>> TATIANA TROPINA: We did have a couple of questions and the audience here, all of the partition pants, they would like to go back to – you addressed the questions partially already. I’m going to rephrase them a bit and reask them still. The first question, about the whole notion of fragmentation, it was addressed partially, the question was the whole notion of fragmentation makes very little sense because Internet is fragmented by designs so it is not a bug, but a feature.
The question, what is precise development, you object to in terms of fragmentation because apparently it is already fragmented.
The second question is about the notion of the diversity in the concept of fragmentation.
The comment that was – fragmentation is a slogan against diversity, what is bad about diversity of the Internet? Anybody wants to speak about this, you can raise your hand on Zoom I guess, shall I just – just wave at me.
>> ELENA PLEXIDA: Others will come in of course, diversity is necessary, it is absolutely at the user experience, what needs to be done. This is what the Internet is supposed to be doing.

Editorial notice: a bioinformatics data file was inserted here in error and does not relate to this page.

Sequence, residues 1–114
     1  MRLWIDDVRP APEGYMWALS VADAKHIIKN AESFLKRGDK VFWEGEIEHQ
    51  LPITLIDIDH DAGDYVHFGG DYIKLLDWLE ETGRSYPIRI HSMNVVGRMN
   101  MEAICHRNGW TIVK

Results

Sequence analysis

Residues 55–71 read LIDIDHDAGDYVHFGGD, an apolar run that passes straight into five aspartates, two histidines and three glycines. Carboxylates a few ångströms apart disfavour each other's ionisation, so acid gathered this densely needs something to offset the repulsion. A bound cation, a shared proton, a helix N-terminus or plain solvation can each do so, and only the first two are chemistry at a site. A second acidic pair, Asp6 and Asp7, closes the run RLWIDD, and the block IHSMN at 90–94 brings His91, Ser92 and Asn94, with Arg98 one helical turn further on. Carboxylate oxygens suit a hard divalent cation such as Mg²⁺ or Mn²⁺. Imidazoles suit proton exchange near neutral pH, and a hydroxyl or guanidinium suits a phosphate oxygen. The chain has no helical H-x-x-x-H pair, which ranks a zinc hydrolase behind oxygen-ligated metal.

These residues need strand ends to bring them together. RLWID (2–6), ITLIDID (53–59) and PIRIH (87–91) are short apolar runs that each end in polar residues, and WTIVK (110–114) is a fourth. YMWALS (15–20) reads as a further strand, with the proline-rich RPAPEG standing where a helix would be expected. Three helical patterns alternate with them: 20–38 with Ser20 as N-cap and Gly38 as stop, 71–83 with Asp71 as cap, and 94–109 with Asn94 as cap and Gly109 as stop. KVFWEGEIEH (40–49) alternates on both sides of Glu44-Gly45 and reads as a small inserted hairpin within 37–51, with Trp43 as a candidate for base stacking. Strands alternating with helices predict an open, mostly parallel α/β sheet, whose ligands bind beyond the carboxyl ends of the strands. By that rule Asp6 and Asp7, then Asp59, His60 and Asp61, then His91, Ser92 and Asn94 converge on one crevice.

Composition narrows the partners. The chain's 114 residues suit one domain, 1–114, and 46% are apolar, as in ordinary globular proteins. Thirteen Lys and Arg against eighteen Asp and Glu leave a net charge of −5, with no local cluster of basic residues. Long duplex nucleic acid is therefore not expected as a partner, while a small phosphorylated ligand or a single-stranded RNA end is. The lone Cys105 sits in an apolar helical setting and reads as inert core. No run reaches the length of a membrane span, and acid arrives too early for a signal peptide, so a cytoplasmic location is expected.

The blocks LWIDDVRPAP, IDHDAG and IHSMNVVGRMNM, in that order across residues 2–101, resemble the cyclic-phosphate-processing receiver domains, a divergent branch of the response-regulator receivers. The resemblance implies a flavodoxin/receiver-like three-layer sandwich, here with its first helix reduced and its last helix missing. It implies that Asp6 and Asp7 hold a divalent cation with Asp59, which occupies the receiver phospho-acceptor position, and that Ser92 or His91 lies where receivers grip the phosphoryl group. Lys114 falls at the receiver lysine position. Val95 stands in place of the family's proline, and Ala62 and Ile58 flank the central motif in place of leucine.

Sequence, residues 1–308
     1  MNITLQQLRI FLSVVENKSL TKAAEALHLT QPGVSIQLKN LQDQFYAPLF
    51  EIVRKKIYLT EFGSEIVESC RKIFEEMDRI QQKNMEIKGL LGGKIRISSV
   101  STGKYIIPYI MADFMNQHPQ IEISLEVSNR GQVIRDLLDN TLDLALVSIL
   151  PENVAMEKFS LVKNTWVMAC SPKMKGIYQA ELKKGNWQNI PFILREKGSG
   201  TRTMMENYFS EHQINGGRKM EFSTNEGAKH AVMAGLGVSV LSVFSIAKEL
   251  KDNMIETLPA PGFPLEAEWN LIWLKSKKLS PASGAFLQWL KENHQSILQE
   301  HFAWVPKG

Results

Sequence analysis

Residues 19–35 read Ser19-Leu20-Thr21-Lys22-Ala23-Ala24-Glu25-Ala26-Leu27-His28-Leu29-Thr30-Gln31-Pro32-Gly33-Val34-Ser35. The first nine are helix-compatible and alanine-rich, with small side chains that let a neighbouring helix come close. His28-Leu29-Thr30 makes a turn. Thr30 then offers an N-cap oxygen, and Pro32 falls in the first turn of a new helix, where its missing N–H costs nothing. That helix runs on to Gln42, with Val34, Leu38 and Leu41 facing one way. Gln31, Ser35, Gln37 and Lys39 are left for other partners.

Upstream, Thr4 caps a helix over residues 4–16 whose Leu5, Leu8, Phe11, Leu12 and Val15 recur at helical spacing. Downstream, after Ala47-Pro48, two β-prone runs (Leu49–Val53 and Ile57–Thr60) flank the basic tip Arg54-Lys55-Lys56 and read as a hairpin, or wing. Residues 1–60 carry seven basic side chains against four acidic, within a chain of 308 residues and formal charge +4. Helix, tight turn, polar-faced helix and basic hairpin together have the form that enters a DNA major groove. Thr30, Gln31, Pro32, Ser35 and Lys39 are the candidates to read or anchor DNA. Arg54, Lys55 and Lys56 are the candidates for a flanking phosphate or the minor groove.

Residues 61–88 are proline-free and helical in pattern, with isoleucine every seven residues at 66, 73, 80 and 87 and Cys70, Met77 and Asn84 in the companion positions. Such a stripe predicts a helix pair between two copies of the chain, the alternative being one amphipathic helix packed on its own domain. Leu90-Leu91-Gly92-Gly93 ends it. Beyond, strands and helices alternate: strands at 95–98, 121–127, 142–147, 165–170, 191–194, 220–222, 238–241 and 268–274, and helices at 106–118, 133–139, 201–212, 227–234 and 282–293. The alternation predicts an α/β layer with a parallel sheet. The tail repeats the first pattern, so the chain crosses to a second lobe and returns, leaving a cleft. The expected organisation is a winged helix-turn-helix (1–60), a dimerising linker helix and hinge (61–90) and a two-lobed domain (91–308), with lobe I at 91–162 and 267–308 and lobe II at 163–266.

We are working for example domain names in other non-latin scripts, the world needs to be diverse, not everybody has to understand or speak English to go online, right. The diversity that we are worried about, it is at the technical layer. Again, at the layer where you have the networks on networks brought together.
If you don’t have that. You don’t even have the basis and then we’re splitting to different, different, different networks that do not speak to each other.
So a problem. Thank you.
>> TATIANA TROPINA: Thank you. I know that you have wanted to answer as well, bullets take two more questions from remote participants and then sort of address something and then we’ll go to speakers against.
For the first question, it was what kind of development is seen regarding the balance of free and distributed Internet versus needs to make it more efficient and controlled, and the reason the person is asking this is that all human systems that evolve towards efficiency, it is more tightly controlled processes, that control usually includes cybersecurity and safety aspects and due process and control efficiency expectations poses a risk of fragmentation and how to manage this phenomena in a larger sense.
The second question was directed to Julf, what could be done to prevent the Internet splitting into a number of big walled gardens.